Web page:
Odonata or Axiom?
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  1. #1
    O2bfasterstrongerbetter
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    Odonata or Axiom?

    Hey all you Seven junkies, help me out here.

    I've been through my fitting and gotten my suggested design specs back from Seven's fitter, but I'm still struggling with which frame to go with. I've ridden an Axiom (unfortunately a little large) and it was very nice, but I haven't been able to get on an Odonata for comparison. No one in my area seems to stock a smallish Odonata. They don't even have one at the factory in Watertown (I'm in Boston). I'm leaning towards the Axiom at this point for long term durability and overall capability, but part of me is still wondering about the Odonata. I feel like I need to put that bug to rest before I commit.

    Price is not an issue ... not that anyone considering a Seven could ever really say price is important.

    Here's my deal in a nutshell if it helps you point in one direction or another.
    5'8" fairly "normal" proportions
    150 to 155 lbs

    I've been riding for a long time... over 15 years, but I've never done any racing.
    I am thinking of maybe doing some local racing here and there, but nothing major.
    The vast majority of riding is club riding in the 50 - 70 mile range. Nightly rides during the week of 30 to 40 miles. Then some longer weekend rides and the occassional Century or multi day charity type ride. Generally I average around 150 miles a week outside of the dead of winter when I stick to the rollers. Longest event might be a two day double century kind of thing.

    Most of my riding is on the fairly rough roads in Boston and then the rolling suburban areas outside the city. Not too many hills on my weeknight evening rides. Oddly enough I'm a climbing junky though and love doing hilly rides whenever possible. Head up to NH and VT every so often for that. Plus I generally take the bike outwest a couple times a year to ride in CO or SF with friends. So I want a good solid (not dedicated just solid) climbing bike as well.

    I'm coming off a Klein Q Race so I don't want something that is going to feel dead either. I like the liveliness of the Klein but abhore the abuse it puts on my body after about 60 miles. It's not a great descender either.

    Need any other info.
    "Words are a heavy thing...they weigh you down. If birds talked, they couldn't fly." Sy Rosen and Christian Williams, Northern Exposure, On Your Own, 1992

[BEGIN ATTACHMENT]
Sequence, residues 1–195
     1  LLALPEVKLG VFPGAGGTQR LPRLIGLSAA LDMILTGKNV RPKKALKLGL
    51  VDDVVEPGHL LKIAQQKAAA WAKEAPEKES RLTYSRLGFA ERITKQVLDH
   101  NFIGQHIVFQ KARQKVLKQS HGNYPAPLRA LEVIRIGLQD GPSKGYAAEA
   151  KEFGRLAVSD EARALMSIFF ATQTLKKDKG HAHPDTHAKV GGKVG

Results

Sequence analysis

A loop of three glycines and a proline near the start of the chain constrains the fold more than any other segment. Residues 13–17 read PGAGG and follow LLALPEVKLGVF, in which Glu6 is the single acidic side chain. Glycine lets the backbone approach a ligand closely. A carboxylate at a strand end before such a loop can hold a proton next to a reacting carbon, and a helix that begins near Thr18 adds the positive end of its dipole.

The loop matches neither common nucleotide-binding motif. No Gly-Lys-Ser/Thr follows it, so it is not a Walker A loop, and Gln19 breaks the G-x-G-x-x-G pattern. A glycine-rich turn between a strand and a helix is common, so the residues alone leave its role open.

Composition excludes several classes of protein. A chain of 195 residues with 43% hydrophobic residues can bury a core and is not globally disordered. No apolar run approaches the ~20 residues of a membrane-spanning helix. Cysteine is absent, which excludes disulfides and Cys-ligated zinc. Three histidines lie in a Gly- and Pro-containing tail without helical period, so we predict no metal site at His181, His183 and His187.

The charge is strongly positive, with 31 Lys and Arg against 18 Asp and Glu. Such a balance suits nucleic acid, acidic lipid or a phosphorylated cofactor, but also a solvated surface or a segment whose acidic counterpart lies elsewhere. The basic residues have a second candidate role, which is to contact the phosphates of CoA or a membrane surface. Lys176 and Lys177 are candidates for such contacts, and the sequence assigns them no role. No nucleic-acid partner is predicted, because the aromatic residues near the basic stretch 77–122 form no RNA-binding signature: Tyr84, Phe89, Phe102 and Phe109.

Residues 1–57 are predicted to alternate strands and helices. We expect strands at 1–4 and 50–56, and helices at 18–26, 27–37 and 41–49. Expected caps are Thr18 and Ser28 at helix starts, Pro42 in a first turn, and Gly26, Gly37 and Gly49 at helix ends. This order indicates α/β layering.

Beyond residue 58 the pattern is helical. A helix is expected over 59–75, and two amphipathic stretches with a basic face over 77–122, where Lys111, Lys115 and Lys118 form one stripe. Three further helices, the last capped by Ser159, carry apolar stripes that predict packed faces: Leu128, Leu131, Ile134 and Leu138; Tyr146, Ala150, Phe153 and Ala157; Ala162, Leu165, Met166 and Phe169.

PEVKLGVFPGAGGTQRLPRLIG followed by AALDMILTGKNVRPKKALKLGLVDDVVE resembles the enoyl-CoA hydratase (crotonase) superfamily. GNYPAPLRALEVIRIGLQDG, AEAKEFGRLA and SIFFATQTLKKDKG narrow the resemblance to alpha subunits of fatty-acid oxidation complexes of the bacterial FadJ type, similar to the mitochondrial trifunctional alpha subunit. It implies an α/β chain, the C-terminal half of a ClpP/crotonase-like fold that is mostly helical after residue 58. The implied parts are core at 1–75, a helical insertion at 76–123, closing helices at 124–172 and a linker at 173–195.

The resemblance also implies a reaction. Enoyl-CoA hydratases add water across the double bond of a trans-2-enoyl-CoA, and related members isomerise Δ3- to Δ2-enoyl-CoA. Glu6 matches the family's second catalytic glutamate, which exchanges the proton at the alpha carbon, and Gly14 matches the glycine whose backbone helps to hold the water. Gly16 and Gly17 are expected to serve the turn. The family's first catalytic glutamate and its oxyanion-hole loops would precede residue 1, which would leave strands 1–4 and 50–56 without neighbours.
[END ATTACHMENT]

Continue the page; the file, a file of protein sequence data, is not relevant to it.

2. #2
    GIMME MY BIKE!
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    I personally went with straight Ti instead of the Ti-Carbon mix. I was told that if the carbon was damaged, they could fix it (ie: replace the carbon part)... but it seemed to me that Ti is virtually indestructible and it would be one less thing to worry about.

    Plus, the Odonata is comparable in price to the Alta, and the Alta weighs less. I know you're considering the Axiom instead, but if you're going to pay more for the Odonata, you might as well consider the Alta, which is priced at $100 more.

    I was trying to decide between the Alaris, Axiom and the Alta. I was going to go mid-range, but then figured I might as well scrape up an extra $700 and go with the best I could buy.

  3. #3
    O2bfasterstrongerbetter
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    Quote Originally Posted by vonteity
    I personally went with straight Ti instead of the Ti-Carbon mix. I was told that if the carbon was damaged, they could fix it (ie: replace the carbon part)... but it seemed to me that Ti is virtually indestructible and it would be one less thing to worry about.

    Plus, the Odonata is comparable in price to the Alta, and the Alta weighs less. I know you're considering the Axiom instead, but if you're going to pay more for the Odonata, you might as well consider the Alta, which is priced at $100 more.

    I was trying to decide between the Alaris, Axiom and the Alta. I was going to go mid-range, but then figured I might as well scrape up an extra $700 and go with the best I could buy.
    The guys at Seven steered me away from the Alta and the Elium because they didn't think they could give me the right drivetrain rigidity and handling I was looking for. Especially coming off the Klein. He also felt I was a shade on the heavy side for the Alta so the weight advantage would be negligible after they built up the tube set for my weight and ride characteristics. In his opinion I'd be paying a lot extra for not much gain.

    FYI ... this kind of feedback and openness sealed the deal on Seven for me. They easilly could have sold me on the Elium or Alta but didn't think I'd be as happy.
    "Words are a heavy thing...they weigh you down. If birds talked, they couldn't fly." Sy Rosen and Christian Williams, Northern Exposure, On Your Own, 1992

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